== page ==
One of the best things about NMS is the beautiful imagery, the fact that each planet is a little bit different. You can wander over a hill and find a genuinely beautiful vista, or into a cave filled with glowing wonders. Make no mistake, this is a game where its beauty is a big selling point. Exploration of beautiful things is basically what this game excels at, and does better than any other game. Unfortunately it seems only half the dev team got this memo. The aliens and base camps that populate every planet are ugly, dull and almost entirely the same!
Again, the atmosphere this game is trying to create; the exploration of infinitely different planets, is damaged by this bland design choice. There's no diversity or anything interesting about what you discover.
If you want me to chill out and enjoy exploring things, dev team, then give me things that are worth exploring. Make me feel there's something new to discover. Not just a single alien sat in a room on their own who will give me an item when I talk to them.
Imagine a version of MineCraft where you're constantly having to return home to store TINY amount of the resources you need. Only to discover that, even at home, you can barely store enough. In NMS you're constantly having to keep topping up resources instead of being able to stockpile what you've taken the time to plunder.
By limiting the player so severely on what they can carry, the game actively pushes against you exploring. Once again it seem to be unsure of what it wants to be: Everything about the core experience of the game is exploration, and everything that's been tacked on that core is pushes against you being able to enjoy it.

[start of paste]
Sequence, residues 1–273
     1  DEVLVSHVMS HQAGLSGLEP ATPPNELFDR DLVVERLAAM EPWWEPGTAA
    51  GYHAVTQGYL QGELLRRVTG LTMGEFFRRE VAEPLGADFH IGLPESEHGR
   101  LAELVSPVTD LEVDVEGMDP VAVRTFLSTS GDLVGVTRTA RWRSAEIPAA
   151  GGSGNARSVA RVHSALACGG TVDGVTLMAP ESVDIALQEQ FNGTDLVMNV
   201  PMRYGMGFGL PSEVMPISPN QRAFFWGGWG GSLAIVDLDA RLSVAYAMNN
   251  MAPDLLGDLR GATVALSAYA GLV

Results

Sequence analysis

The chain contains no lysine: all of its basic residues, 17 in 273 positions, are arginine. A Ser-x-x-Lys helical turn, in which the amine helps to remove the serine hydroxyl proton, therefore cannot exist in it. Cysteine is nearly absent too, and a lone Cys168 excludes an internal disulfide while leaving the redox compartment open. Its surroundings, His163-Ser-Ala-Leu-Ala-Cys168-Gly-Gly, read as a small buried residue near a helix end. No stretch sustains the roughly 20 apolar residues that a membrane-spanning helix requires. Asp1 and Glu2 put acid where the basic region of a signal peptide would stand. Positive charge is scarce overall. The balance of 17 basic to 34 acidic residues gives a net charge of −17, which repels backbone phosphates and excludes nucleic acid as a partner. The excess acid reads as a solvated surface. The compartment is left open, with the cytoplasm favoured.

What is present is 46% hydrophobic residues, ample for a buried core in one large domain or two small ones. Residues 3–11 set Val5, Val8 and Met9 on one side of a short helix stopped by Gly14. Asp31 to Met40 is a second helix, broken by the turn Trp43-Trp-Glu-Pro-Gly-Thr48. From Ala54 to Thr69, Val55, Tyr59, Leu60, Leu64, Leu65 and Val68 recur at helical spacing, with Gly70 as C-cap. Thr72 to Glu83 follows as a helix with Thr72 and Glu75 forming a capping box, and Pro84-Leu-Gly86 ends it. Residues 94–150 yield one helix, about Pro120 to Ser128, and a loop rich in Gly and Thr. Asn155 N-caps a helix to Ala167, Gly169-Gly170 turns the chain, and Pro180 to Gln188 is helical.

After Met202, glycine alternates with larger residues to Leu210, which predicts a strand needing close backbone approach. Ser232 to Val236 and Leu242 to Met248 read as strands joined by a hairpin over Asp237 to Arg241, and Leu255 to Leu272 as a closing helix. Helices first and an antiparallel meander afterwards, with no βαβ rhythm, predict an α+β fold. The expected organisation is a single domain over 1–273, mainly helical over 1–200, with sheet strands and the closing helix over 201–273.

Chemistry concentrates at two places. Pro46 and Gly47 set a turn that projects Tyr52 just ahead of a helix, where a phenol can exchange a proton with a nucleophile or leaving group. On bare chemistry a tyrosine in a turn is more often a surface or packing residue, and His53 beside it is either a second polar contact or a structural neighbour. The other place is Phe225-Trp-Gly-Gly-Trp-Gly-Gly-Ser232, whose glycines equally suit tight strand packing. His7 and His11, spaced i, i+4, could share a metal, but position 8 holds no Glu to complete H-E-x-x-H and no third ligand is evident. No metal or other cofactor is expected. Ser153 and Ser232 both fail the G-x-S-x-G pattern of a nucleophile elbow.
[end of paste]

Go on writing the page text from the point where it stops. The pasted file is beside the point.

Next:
Having the patience and temperament to explore a planet and mine it to oblivion is actually punished. Every trip around a planet consumes so much energy that you're constantly having top up fuel, leaving little time or space in your inventory, to do much else. This means that even taking the time to explore and mine feels unrewarding.
As the game is so heavy on trying to push you towards resource management, you'd think at least that aspect of the game could be enjoyable. Nope, the user interface makes EVERYTHING you have to do a chore. And a confusing and messy one at that.
Why can't the progress through this game be more clearly sign-posted? Why can't it clearly and succinctly explain what everything is? Why can't it make the chore of upgrading and resource management less of a chore? Upgrading technology is confusing and again, there's little sense of reward.
Other sections of the UI are just as bad. It literally gives me a headache just thinking about it. Consider how you earn credits for "uploading" the name of every planet, creature and outpost you discover. Instead of making this a pleasurable experience that feels rewarding for having collected so many items, the game forces you to manually upload each one INDIVIDUALLY.
This tedious task sums up everything that's wrong about the UI perfectly, and maybe even the game itself: Nothing, except the core exploration of planets, is pleasurable to do... and the game does everything it can to even make that unpleasurable.
The game is beautiful to look at... and it should be beautiful to play. Unfortunately it's almost like a bunch of extremely average developers were handed a piece of genius planet-building technology. If only the beauty of its core technology extended to the rest of the game experience.
The developers can add bases, space battles, online play, virtual poker, whatever other features the moany public insists this game is supposed to have, but it's never actually going to be fun to play until they fix the turgid, bland, unrewarding core experience.